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Countdown to Halloween: "E" is for The Embalmer (1965)




The physical characteristics of a 1960s low-budget American horror movie are distinct, but similar characteristics of a 1960s low budget Euro-horror film are usually masked by unique style and exotic locations; they somehow just don't feel as cheap. There are exceptions to every rule, though, and The Embalmer (1965) is one in this instance.

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The fundamental indication that a movie, American or European, is "cheap" is when one type of room is used as the set for an entirely different kind of room and, in a poor attempt to disguise the difference, a curtain is hung along the back wall. I'm just saying, I haven't seen many police stations with curtains for walls (not that police don't have a knack for interior design.)

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Just because a movie looks cheap does not mean I won't like it. I liked The Embalmer. It has a definite Phantom of the Opera vibe, although the "monster's" lair is not beneath an opera house; it's beneath a hotel dinner club (as best I can tell.) The music and frivolity from the establishment is clearly heard within the lair.

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Neither does the killer (not actually a monster at all) focus on only one woman. He dons his wetsuit, dives into the canals of Venice, and leaps out to abduct a number of beautiful young women, then takes them to his lair where he embalms them, places them in a glass display case, and whispers sweet nothings to them like, "You shall be my goddesses, preserved here forever."

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This is not a spoiler. We witness his modus operandi before the opening credits even begin. This makes for a terrifically creepy start to the movie. It remains pretty creepy, too, as long as the mystery man is moving around either in a hooded cloak in his lair, or in his wetsuit in the water. It's only when his face is revealed and the story shifts gear into action that the thrills lessen.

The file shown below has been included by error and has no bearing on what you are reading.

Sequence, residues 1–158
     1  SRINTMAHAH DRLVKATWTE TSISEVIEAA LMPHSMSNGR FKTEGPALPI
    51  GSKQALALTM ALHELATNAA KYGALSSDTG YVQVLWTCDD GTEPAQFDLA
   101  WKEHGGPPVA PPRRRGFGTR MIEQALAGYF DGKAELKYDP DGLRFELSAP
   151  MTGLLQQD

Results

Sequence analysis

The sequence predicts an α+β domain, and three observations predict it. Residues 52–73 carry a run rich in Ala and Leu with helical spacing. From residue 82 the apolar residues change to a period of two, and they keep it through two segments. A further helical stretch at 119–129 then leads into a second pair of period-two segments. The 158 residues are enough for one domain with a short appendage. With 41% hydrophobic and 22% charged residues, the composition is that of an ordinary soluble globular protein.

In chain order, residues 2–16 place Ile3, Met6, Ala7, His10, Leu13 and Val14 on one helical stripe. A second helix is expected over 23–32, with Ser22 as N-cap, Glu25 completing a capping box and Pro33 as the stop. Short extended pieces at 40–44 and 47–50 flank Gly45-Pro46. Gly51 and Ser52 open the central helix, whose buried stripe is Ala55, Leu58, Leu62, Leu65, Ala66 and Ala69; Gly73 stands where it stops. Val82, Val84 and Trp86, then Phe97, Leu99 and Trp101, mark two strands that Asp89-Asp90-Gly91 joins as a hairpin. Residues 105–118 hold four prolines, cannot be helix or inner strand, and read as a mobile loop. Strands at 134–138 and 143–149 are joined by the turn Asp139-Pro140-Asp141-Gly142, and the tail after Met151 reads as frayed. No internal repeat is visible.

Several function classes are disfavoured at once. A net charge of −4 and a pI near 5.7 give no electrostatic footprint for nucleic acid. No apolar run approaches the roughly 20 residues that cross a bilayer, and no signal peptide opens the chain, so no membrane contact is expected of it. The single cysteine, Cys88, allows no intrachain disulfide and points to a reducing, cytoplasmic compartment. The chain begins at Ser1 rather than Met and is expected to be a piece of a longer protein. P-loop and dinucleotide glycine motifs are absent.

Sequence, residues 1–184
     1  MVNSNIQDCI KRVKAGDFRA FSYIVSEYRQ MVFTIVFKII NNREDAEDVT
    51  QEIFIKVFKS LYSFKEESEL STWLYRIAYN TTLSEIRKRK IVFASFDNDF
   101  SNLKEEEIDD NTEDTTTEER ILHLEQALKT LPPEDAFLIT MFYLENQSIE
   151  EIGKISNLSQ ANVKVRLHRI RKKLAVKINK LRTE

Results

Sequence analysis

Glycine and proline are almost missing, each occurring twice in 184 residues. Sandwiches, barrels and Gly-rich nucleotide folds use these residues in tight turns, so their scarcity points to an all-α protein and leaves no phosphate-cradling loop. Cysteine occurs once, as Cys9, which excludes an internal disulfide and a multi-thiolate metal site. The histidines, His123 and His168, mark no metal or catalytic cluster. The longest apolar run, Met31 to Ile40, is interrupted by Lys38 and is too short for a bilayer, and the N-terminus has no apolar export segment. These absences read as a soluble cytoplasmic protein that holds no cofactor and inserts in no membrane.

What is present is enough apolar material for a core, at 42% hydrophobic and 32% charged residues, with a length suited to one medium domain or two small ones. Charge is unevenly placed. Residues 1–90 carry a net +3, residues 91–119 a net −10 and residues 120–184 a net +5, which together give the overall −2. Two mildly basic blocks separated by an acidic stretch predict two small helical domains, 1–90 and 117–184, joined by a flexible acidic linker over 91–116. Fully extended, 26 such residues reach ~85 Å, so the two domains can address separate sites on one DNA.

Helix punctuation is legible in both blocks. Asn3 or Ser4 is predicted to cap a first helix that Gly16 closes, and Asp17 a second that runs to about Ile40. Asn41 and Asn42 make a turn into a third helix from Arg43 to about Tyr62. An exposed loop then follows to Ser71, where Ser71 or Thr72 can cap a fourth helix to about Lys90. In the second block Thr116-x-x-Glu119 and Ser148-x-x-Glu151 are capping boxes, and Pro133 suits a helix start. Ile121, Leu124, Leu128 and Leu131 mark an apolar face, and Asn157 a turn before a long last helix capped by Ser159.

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When the authorities are reluctant to believe the theory of relentless local reporter, Andrea (Luigi Martocci), that there's a maniac running around the city, he takes it upon himself to solve the mystery and stop said maniac. No, they don't believe there's a serial killer, but instead say, "Your story should be serialized for readers of comic books!"

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Meanwhile, the killer grows quite prolific, just as a busload of young female tourists arrives in town. Andrea somehow takes the group under his wing, acts as their tour guide, and falls in love with one of them. Naturally, she'll become a potential victim. If you don't recognize that fact by the formula, the camera often does a freeze-frame on the face of the future embalmed beauties.

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The killer also grows bolder. In the beginning, he's discreet, snatching women one by one. By the end, he's tipping entire gondolas and grabbing whoever falls out. There's never any explanation for why he's doing this and I'm not even completely sure of his identity. That's due to the poor public domain print I watched, as well as some horrendous dubbing.

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Still, I like the gothic trappings such as the dimly lit subterranean passages and even a secret door in the fireplace. The Embalmer is one of only two movies directed by Dino Tavella. He's also credited for the story and as one of its four writers. It's not a good movie by any means, but it is fun.

Written by Paolo Lombardo, Gian Battista Mussetto, Dino Tavella, Antonio Walter

Directed by Dino Tavella

Starring Maureen Brown, Luigi Martocci, Alcide Gazzoto, Alba Brotto RT 83 min.

Home Video Retro Media (DVD)



Part of the Countdown to Halloween. Click here for a list of all the blogs participating. Each offers its own distinctive month long celebration of the chilling holiday we all love.